With Your Chrome Heart Shining in the Sun

I wouldn’t really call myself a “car person.” I don’t know much about Teslas, I don’t understand the difference between a V6 and a V8 (tomato juice?), and I am perfectly happy to ride in our minivan instead of our fancier Audi. That being said however, I don’t want to be driving around in a jalopy. And when I was in high school, I did own a classic German automobile. It was a snazzy 1977 red convertible Volkswagen Bug (those were the days). So when Bob suggested we visit the Mercedes-Benz showroom on our recent trip to Berlin, I was game. Spend a few minutes looking at fancy cars? Why not? Little did I know the showroom was three huge floors, with climbing walls, a restaurant, a coffee bar, and even a kids’ miniature race course.

The Mercedes/Benz showroom is indeed a car dealership, as there were people negotiating deals while we visited, but also a museum with stunning works of art, albeit mechanical ones. Cars range in price, with the least expensive (A and C class, apparently) on the lower levels, and the most expensive at the top. There are classic cars on display, and cars for sale priced in the 200,000 euro neighborhood. Cars hang suspended from the ceiling, and as you climb floors on the neon lit escalators you can soak in all the money that went into this extravaganza. It’s pretty fascinating actually. I guess it’s easier to sell really expensive cars when your showroom is a destination all by itself.

We appeared to be two of the only gawkers that day. Everyone else looked like they were working—trying to sell cars (although they never approached us, huh?), or buying. Then there was a birthday party going on at the race course, which features stoplights, a track with sharp turns, and Mercedes Benz bumper cars. Oh to be young.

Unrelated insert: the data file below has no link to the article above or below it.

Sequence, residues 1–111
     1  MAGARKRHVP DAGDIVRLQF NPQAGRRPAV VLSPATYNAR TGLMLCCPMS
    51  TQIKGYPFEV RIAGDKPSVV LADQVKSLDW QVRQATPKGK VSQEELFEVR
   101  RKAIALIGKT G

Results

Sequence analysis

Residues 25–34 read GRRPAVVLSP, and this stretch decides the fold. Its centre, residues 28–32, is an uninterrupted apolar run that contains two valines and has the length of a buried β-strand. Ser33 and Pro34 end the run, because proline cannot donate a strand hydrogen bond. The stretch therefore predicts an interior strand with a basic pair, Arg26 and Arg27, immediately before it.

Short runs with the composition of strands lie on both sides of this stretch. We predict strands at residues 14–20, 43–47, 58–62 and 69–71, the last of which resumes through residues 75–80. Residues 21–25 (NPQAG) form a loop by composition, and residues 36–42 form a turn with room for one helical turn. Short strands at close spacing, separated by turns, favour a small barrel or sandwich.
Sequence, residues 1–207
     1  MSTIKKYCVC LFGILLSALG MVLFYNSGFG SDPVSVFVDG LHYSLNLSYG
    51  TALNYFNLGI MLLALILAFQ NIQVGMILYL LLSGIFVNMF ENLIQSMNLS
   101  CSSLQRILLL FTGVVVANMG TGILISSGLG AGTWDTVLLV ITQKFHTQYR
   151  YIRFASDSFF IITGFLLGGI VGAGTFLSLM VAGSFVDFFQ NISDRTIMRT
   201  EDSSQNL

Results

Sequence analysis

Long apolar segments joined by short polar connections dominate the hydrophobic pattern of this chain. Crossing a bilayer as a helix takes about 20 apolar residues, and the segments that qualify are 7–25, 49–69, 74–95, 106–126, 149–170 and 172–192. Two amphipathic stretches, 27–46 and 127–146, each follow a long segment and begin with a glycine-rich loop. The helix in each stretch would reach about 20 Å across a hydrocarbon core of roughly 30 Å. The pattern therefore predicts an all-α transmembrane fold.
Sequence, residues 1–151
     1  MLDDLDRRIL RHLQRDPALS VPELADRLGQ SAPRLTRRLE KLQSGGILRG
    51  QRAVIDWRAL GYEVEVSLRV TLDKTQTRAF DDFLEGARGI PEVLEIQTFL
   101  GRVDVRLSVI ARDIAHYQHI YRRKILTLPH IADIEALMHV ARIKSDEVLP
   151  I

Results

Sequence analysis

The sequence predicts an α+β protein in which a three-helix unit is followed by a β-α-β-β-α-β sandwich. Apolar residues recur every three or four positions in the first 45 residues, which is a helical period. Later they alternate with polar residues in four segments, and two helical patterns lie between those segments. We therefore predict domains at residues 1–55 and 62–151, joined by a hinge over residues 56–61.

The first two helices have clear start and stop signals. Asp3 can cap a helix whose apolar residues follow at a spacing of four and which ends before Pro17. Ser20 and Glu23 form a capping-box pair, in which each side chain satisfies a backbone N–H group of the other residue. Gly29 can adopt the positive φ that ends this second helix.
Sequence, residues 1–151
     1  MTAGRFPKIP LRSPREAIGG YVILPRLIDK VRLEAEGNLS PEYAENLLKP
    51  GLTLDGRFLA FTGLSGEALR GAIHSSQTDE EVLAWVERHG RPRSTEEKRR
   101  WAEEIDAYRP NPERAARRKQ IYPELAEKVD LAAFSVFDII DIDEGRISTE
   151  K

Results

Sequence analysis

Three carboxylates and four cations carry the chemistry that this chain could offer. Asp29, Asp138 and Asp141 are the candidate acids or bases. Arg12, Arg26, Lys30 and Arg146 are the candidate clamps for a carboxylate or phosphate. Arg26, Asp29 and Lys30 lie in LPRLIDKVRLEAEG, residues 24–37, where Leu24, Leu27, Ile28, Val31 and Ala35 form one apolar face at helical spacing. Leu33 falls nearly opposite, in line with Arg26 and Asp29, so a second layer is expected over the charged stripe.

Bob and I did have a conversation about what car we would buy if we were seriously shopping. He leans toward a Mercedes S class in a black matte finish, reminiscent of the Batmobile. I, on the other hand, see myself in a vintage baby blue Mercedes convertible, driving down the open road, radio blaring, with nary a care in the world. I’m pretty sure I don’t have grey hair in this scenario either.

It turns out I might just be a car person after all.

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I Hitched a Ride with a Vending Machine Repairman

In news that can only be categorized as “extremely important,” the San Francisco airport recently came under twitter fire for (wait for it) a vending machine that sells down vests. Although it’s been in the airport for about a year, social media just caught wind of it, and SFO is being mocked for selling clothing from a vending machine. A spokesman for the airport says that the machine is doing more than $10,000 in sales per month, which is not too shabby if you ask me. Especially when you consider that a vending machine only takes up about 10 square feet of floor space and must have very low overhead.

I can’t say that I’m surprised however, as the company behind the machine is Japanese clothier Uniqlo, and if you’ve ever traveled in Japan, you’ll know that vending machines are all over the country, selling just about anything imaginable. They’re on well trafficked streets in big cities, and they’re in quiet residential neighborhoods too. We’ve seen everything from cold beer and hot coffee, to candy and toiletries, to warm corn chowder, canned carrots and tomato sauce, and even underwear. The advertising pictures on the machines are often just as entertaining as the items for sale. Take, for example, Tommy Lee Jones crying with a can of Boss coffee. Why? Who knows.